On every bike there's a toolkit hidden somewhere inside. Usually under the seat, but I guess some manufacturer found the way to put it in the wheel or in front of the steering column. That toolkit is what you need to do pretty much any emergency surgery your mechanical friend might need to keep beating and breathing forward.
Not only is the intention pure, to get you though whatever life might throw your way, and it may very well have saved your ass more than once. I remember what might be the stupidest malfunction possible. I was riding and my bike would shut down. And wake up again and continue it's merry way like nothing happened. No time to psychanalyse, the cars behind might not want to be invited to the discussion.
So after a few hiccups and rider puzzlement, the disease start taking over and my friend and I end up so very close to the exact center of nowhere. Pretty close to my parent's house, but not walking distance. So I put my mechanical surgeon hat, get that toolkit out, and start assessing the damage.
The patient was a 1994 Magna. Red. My dream machine, made by Honda to last a few lifetimes and then some. For a brief introduction, that machine was part of a generation to try to cross the gap between east and west. Rising sun people wanting machines to turn every last drop of energy from the gas tank into sensations and efficiency. Setting sun people wanting chromed-up machines to show, across time and space, that they can create their own damn machine, bigger, louder, reflecting more light for every possible part of the chromed machine than an ordinary non-american thing can.
So in effort to cross the gap, Japanese artists decided to put their best power plants into machines that would be homages to their American counterparts. For Honda, the company that imposed itself on me, that gave birth to the Magna. Using the then race-winner VFR (that stands for V-Four Racer for the non-initiated into the mysteries of that manufacturer's linguistic refinement and elegance) and putting it into their best possible clone of their across the ocean competitors, the Shadow.
Don't ask what cast that shadow, the bike looks Harley Davidson-ish, the closer it can possibly be without having to explain the subtle differences in court. Or after explaining them.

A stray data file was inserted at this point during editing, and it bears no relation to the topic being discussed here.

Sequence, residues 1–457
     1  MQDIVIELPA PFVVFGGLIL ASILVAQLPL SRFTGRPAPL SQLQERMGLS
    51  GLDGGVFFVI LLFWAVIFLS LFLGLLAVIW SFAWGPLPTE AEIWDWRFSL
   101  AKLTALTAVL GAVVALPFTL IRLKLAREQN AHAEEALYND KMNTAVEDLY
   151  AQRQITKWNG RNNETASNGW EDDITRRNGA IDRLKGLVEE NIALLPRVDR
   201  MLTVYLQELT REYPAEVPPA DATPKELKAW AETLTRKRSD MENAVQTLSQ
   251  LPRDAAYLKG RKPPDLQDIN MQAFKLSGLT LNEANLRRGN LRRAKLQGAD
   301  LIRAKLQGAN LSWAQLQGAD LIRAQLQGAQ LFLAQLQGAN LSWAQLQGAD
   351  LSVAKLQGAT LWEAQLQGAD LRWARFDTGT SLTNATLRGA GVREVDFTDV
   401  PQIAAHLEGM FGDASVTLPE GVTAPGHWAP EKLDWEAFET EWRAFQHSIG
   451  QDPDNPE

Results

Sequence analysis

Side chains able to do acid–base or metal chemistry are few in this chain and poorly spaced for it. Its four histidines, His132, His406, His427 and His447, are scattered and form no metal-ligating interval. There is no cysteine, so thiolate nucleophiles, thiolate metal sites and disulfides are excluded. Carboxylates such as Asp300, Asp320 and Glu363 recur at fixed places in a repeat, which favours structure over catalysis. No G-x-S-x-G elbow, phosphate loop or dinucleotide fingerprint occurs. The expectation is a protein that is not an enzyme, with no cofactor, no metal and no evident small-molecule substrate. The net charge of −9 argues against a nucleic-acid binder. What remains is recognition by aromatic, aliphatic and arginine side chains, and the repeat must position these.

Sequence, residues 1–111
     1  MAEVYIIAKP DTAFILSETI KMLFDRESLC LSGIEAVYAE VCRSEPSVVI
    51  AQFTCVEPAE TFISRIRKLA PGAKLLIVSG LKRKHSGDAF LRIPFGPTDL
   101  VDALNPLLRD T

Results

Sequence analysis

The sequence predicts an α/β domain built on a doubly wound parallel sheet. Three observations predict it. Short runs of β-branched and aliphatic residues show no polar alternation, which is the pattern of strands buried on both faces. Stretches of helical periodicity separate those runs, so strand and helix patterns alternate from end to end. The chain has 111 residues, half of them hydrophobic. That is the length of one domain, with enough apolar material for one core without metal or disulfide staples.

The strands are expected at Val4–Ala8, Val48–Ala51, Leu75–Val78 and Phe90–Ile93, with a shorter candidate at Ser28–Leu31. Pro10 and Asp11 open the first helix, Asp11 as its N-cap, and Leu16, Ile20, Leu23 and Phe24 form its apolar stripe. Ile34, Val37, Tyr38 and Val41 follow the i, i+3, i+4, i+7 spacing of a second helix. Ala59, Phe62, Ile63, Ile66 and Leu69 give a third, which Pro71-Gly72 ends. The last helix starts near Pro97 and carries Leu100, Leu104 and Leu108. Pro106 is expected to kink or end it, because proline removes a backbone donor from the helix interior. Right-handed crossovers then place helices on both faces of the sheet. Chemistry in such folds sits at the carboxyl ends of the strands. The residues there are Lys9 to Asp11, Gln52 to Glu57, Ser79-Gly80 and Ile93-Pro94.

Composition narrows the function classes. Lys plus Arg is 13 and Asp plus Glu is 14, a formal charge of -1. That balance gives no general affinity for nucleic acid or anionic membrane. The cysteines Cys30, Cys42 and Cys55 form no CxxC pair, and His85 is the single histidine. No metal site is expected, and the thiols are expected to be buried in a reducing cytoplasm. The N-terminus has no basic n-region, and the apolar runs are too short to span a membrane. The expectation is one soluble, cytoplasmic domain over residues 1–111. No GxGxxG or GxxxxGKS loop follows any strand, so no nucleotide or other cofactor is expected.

Oh, do you know that the Harley sound that gives those bikes their soul come from economic pressure to shortcut the engineering process and get the thing to production without being downsized? The single crankshaft pin that help produces the sweet music that get so many people to plaster themselves and everything they touch with commercial logos allows for a much simpler engine, and quite a bit cheaper to make. But like everything else in life, engineering has it's compromises too. That single pin crankshaft doesn't do the rest of the engine justice, abusing the result of it's labor and converting it into sound instead of torque and acceleration and pleasure. That's roughly 10-15% of the machine's labor that's converted into audio candy. The kind that, when paired with the customary illegal straight pipes offered by he dealer himself, will produce that sweet sound that all your neighbors will thank you for. And everybody in tunnels and underpass shall you decide to pay homage to that timeless scientific marvel of a machine.
To complete the introduction, the Magna's a fun bike. A very fun one, that revs high and push asphalt back with a pretty decent hand when allowed the RPM to do so. The machine's an overall average, OK machine with a very lovely center.
2. Get rid of the unnecessary crap and go light
So, back to the program; I have to stop slam dunk nowhere for a quick and dirty surgery. Seat removed (that's pretty much the only thing you can undress from that kind of bike) and eyes all in, turns out one of the battery terminal is loose and sometimes loosing contact. Easier to fix than screwing in a terminal. Or just as easy, since that's the actual process to heal the patient.
Toolkit out, surgery done, toolkit back in, and off we go. A bit deeper into beautiful nowhere before heading back towards civilization. So I thank that toolkit for saving the day.